In order to illuminate colorblindness in the AP U.S. History course, I specify Native American studies activities for educators and teachers that can be included in their classrooms throughout the school year or after the AP exam in May. Students will read primary sources, short stories and poetry of Native Americans to provide a new narrative of Indigenous people. Also, two films are examined to offer a more complex account of Native American history and culture. Teachers can use all of the materials specified to illustrate legitimized racism in America and challenge scholars to confront their own colorblindness.
There is little question that the AP course is structured around a historical narrative of the political, social, economic and cultural structures that built this country. It lacks a critical eye on the impact of a white-power structure and colonial settler account that committed genocide against Indigenous peoples for over 300 years.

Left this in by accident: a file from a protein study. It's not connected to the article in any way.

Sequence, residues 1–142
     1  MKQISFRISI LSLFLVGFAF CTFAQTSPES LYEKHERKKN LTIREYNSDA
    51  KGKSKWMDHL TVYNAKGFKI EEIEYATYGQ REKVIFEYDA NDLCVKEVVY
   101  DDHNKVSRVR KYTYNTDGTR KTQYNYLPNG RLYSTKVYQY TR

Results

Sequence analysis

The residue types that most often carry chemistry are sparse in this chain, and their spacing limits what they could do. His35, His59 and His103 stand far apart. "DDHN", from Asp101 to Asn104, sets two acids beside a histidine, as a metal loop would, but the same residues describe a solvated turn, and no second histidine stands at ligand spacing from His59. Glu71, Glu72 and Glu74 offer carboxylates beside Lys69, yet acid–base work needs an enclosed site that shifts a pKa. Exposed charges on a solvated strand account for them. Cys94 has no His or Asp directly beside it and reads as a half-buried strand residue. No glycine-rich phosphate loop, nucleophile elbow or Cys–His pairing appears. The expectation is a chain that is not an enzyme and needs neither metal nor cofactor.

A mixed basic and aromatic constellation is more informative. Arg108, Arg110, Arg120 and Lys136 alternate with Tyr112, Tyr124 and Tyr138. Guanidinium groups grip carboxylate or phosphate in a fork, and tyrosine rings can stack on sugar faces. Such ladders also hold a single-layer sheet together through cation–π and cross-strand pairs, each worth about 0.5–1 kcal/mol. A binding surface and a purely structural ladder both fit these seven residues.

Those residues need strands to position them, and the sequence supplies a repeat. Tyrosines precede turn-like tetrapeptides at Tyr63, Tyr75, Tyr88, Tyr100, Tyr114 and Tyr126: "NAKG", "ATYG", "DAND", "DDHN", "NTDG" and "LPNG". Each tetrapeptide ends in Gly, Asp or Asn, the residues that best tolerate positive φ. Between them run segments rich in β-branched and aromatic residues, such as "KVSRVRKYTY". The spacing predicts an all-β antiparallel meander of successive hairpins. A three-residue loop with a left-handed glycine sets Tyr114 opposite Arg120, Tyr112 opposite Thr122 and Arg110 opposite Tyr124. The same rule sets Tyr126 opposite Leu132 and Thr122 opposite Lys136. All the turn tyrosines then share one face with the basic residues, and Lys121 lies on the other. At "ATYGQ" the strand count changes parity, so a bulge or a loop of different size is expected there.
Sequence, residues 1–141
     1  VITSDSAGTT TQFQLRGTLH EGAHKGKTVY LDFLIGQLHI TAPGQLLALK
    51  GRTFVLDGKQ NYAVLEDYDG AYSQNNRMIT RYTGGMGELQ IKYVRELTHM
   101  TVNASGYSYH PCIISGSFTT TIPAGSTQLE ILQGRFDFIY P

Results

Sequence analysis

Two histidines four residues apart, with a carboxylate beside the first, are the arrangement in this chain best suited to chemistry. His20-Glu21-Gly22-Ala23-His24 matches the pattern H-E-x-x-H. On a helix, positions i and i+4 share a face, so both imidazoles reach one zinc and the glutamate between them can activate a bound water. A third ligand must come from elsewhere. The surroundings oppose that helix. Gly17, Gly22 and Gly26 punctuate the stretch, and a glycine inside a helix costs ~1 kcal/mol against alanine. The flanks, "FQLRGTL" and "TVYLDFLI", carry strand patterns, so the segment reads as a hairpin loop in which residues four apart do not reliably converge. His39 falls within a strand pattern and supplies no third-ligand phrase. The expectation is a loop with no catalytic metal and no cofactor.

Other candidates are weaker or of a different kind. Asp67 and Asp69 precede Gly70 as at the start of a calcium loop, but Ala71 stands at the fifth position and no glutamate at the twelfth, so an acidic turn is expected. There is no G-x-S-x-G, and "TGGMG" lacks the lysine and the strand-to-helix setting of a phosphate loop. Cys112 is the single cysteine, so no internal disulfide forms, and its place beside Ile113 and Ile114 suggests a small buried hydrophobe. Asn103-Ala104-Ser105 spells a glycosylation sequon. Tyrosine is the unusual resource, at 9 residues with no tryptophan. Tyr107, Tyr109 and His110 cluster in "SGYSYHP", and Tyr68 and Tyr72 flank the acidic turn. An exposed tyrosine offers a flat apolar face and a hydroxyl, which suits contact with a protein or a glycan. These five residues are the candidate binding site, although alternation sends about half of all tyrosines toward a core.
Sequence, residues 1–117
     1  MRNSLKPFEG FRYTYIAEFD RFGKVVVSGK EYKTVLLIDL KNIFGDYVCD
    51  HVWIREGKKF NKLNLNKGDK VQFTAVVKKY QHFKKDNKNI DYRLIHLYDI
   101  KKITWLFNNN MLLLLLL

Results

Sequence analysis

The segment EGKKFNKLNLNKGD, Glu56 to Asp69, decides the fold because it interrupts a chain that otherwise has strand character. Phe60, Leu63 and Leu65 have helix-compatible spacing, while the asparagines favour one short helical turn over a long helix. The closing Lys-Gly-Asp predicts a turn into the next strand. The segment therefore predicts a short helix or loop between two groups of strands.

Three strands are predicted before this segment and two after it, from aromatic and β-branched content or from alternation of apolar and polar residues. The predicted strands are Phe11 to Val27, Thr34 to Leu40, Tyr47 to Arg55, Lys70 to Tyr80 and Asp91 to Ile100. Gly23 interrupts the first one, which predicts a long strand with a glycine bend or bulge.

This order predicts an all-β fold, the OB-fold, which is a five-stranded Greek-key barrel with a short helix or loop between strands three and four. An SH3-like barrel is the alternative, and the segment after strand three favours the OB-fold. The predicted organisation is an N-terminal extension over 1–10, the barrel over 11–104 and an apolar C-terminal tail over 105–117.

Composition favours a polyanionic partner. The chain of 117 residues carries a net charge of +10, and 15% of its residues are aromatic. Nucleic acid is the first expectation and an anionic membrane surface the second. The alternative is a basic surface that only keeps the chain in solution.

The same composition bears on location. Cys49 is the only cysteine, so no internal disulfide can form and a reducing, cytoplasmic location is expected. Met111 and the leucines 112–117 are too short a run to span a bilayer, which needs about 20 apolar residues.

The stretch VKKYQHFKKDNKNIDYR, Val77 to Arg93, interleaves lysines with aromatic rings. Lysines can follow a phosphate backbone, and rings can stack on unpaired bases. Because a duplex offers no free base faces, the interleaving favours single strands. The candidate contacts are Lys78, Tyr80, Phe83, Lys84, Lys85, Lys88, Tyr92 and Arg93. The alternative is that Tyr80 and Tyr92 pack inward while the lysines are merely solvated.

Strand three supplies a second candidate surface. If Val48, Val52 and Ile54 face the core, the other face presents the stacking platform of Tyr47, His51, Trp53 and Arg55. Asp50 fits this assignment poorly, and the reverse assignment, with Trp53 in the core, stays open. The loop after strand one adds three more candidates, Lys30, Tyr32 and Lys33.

Despite the clear omission, it is the role of the educator to enlighten students. The AP exam always occurs during the first week of May, and afterwards, there is plenty of time to examine the role of Native Americans in history. For the past four years, I have taught a unit on the Indian Wars from 1865-1890 in order to fill a massive hole in the AP curriculum. I spend a month studying Native American tribes on the Great Plains, including history, art and culture. Every educator who wants to open the curtain of colorblindness and knock down the door of White Fragility—a political, cultural, social and educational setting that protects white people from race-based stress and offers racial comfort—should embrace a unit to discredit the colonial settler history that dominates the curriculum. My unit provides needed resources and activities for educators to incorporate a more diverse prospectus in their AP U.S. History courses.
Indigenous people have strived and flourished in spite of colonialism and genocide. My personal goal is to help educators expand their knowledge of the history of Native Americans, legitimized racism and CRT in order to increase students understanding and comprehension of colorblindness and its impact on American society today.